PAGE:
John Kerry to step down after 3 years as Biden's top climate diplomat
After three years leading the Biden administration's efforts to work with other countries to curb climate change, John Kerry is planning to leave his role as climate envoy, a source close to his office confirmed to NPR.
Kerry's decision comes on the heels of the recent United Nations climate summit in Dubai, COP28, where for the first time the final agreement said the world needs to be "transitioning away" from fossil fuels. Burning fossil fuels such as coal, gas and oil is the biggest cause of global warming.
Axios, which first reported Kerry's plans, reported that Kerry intends to leave his post later this winter and will join President Biden's re-election campaign.
Kerry, who served as secretary of state during the Obama administration and was the Democratic presidential nominee in 2004, has been central in Biden's efforts to establish the United States as a climate leader internationally after decades of inconsistent and limited action.
As special envoy, Kerry helped to establish and promote multilateral climate agreements between the United States and other top polluters and encouraged allies to make more robust pledges to reduce emissions.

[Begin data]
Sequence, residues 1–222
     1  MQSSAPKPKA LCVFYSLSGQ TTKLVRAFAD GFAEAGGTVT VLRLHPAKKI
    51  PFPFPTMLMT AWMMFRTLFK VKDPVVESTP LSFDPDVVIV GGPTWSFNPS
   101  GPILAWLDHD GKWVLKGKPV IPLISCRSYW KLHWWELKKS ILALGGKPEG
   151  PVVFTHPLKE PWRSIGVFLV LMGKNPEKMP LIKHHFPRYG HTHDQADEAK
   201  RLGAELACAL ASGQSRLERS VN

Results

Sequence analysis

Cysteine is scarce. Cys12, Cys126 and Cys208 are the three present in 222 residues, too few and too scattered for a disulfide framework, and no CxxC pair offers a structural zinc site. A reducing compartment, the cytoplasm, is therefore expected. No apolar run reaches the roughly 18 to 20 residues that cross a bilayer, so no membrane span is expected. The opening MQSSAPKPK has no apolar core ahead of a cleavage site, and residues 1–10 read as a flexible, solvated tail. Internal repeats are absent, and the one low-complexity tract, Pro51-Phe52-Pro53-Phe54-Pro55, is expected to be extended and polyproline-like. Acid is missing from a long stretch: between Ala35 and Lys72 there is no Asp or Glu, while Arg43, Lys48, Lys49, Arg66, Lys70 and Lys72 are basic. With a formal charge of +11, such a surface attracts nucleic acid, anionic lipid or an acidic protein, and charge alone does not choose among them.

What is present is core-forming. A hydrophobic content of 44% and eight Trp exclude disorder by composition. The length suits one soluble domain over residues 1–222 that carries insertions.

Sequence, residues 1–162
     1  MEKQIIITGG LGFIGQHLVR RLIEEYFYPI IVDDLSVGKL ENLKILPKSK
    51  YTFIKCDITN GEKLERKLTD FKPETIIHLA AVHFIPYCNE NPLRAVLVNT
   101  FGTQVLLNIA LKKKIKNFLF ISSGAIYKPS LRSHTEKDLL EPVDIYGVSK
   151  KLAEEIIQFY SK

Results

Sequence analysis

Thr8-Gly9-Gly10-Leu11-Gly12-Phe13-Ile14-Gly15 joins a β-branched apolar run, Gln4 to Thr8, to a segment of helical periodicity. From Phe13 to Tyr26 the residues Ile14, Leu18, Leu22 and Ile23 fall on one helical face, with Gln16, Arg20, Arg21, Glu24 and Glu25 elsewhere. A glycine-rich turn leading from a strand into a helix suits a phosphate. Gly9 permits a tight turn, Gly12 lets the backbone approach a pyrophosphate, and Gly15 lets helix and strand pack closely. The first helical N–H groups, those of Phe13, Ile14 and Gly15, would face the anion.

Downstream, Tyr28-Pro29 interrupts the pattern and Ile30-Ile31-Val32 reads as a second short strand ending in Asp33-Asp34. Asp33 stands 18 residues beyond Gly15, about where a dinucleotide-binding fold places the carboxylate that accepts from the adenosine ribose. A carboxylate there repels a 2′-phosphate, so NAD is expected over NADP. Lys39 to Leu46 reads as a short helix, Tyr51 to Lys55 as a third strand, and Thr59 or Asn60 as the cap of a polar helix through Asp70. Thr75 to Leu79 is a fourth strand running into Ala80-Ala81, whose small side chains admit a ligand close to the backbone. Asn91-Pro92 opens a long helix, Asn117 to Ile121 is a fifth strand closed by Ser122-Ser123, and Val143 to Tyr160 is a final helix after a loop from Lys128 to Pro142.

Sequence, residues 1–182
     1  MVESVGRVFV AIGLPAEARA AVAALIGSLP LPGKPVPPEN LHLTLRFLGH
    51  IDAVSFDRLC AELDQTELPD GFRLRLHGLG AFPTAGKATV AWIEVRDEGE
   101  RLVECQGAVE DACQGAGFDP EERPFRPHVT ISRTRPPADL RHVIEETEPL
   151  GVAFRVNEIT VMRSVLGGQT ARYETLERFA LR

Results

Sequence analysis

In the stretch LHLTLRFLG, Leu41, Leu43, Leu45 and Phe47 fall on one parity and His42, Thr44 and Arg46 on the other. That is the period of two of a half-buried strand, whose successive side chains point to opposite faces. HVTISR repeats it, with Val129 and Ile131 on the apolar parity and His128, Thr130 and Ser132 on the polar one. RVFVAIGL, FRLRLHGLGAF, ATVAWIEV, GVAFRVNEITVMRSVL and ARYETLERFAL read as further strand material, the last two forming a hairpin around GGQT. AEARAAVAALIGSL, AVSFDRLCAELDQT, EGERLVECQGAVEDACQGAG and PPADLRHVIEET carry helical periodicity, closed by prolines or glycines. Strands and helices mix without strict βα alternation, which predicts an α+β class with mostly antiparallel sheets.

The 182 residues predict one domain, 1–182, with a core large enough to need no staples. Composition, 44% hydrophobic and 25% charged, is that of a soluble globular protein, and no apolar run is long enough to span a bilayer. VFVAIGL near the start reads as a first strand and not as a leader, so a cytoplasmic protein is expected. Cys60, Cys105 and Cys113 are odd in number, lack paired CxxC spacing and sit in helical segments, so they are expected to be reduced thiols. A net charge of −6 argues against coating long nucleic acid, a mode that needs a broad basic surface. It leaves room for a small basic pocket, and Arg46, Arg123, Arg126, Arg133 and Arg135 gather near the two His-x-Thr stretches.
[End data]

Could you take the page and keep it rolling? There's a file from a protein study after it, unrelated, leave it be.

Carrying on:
His office helped spearhead agreements to help countries transition away from planet-heating coal, including in Indonesia, Vietnam and South Africa.
And Kerry played a key role in increasing climate cooperation with China. China and the United States are the two biggest global polluters. At 2021's COP26 summit in Scotland, the U.S. and China announced they would speed up emissions reductions, including drawing down China's coal consumption.
"It's the fastest we could get at this moment here in Glasgow," Kerry told NPR's Ari Shapiro. "But it's the first time China and the United States have stood up, the two biggest emitters in the world, and said, 'We're going to work together to accelerate the reduction.' "
Despite his successes, Kerry has faced considerable criticism on the world stage from countries who are frustrated by what they see as the chasm between U.S. rhetoric and action, including falling short of promised climate development aid.
As part of the 2009 Copenhagen climate accord, the United States and other major world economies pledged to provide $100 billion annually to help poorer nations adapt to climate change and reduce emissions. The world may have finally reached that goal in 2022, but experts agreethat number is far from what's actually needed and that $2 trillion annually may be a more accurate estimate for what is needed.
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